Of those other noble Families which have since been Earls of Devon
217
Of Kenn and some other places on the west side of the River Exe
218
Of places on the east side of the River Exe
223
The Passage of the River Otter
224
chap AGE III Of BerryNerbert Bowdon and Bishop Jewel
256
Of Morthoe Tracy and MortStone
259
54
260
Of GeorgeHam and Pidickwell
263
WI Of the River Taw his spring and progress
265
WII Of Affton and the Family of Stukely
270
Of Chulmleigh and the Countess of Devon saving seven little Children that were carrying to be drowned
273
Of RingsAsh with the original and course of the River Mole
276
Of Molland Botreaux the Nymets and other places near by
280
Of the meeting of Mole and Taw their passage afterwards to Umberlegh
283
Of Brightlegh and the Family of Giffard
286
Of TawtonBishop Goodley Newland c
289
Of Tawstock and the noble Family of the Bourchiers Earls of Bath
292
Of the Borough of Barnstaple with the Description of the Town with the History of the Lord Audlegh 29 4
294
Of the progress of the River Yeo of Chalacombe with the strange Burrows therein with some other neighbouring Parishes
300
Of Youlston and Ralegh and the noble Family of the Chichesters
303
Of Marwood and the Family of Westcote with other Places and Families in that tract
305
Of WestDown and the Hundred of Braunton
308
The origin and course of the River Torridge with HerculesPromontory
311
Of the progress of the River Torridge and the most eminent places near its first original as Putford and the Hundred of Shebbear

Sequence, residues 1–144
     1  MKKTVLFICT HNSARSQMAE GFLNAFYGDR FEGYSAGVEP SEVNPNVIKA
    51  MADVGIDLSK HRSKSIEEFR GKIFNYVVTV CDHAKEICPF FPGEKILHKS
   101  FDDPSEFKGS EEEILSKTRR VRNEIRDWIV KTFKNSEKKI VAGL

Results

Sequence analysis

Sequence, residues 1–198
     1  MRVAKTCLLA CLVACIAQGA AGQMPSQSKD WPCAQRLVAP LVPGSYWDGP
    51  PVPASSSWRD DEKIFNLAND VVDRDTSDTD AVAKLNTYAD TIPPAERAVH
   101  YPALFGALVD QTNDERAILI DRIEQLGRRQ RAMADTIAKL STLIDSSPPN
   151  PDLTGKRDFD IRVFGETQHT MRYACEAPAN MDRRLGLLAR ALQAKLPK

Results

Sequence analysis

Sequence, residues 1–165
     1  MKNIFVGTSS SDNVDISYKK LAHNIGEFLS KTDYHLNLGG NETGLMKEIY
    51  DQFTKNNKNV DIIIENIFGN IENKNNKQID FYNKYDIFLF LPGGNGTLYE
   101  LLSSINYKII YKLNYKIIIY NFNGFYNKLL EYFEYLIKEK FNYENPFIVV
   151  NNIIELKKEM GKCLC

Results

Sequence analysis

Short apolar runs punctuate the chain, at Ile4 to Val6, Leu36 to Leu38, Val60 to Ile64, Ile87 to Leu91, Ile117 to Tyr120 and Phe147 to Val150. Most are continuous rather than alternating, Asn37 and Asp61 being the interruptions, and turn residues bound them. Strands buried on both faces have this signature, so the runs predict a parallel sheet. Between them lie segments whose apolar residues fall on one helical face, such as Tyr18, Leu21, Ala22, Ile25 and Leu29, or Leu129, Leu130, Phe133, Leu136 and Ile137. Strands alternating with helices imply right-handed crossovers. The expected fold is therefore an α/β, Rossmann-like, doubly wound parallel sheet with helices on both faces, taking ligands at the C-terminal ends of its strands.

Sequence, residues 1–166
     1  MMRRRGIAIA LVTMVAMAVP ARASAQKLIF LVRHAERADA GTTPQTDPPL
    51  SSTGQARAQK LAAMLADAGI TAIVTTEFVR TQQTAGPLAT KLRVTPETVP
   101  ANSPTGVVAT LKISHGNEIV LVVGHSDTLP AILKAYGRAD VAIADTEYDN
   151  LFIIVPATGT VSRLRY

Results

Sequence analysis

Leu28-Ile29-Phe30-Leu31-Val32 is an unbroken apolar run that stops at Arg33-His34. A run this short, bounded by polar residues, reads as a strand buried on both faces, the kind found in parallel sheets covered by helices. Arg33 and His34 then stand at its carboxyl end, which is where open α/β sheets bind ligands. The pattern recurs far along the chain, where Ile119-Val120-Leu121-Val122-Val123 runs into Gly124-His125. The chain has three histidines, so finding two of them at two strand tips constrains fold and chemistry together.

315
Of the Hundred of BlackTorrington and places adjoining
317
Of the progress of the River Okement and of Okehampton
321
Of Iddesleigh Winkleigh and other places in the way to Torrington
324
Of Torrington and therein of the potent Families of Rolle Barry c
327
Of Monkley and the Family of Hankford
331
Of BucklandBrewer Parkham Bideford the noble Family of Grenville
335
Of Westleigh Northam Kenith Castle and Abbotsham
341
Of the Island of Lundy lying near this county in the Severn Sea
343
The Conclusion of this Northern Journey
345
BOOK V
346
Of Tamerton Collacombe and the Family of Tremayn
352
The origin of the River Lyd of Lydford his antiquities and present state
355
Of TrenchardLew Marystow Lifton other places in our way to Tavistock
361
Of the progress of the River Tavy of the Borough Abbey of Tavistock
365
Of the progress of the Tamar to the town of Plymouth by Buckland Beer Tamerton c
372
88
418
P E D I G R E
457
Babington of Knoll 473 Bowerman of Hemyock 518
465
Gale of Dartmouth and Crediton 567
466
Pollard of Way and Horwood 552
470
Battishill of Westwyke 540 Bullon Earl of Ormond Wiltshire
476
Beaumont of Gittesham 498 Burgoin of Bideford 551
494
Bury alias Berry of BerryNerber
495
Butler Earl of Ormond and Wiltshire 483
507
Carew of East Anthony
528
Giffard of Brightlegh 627
530
Henscot of Henscot 589
536
Carwithen of Carwithen c
541
Chudleigh of Ashton 462
555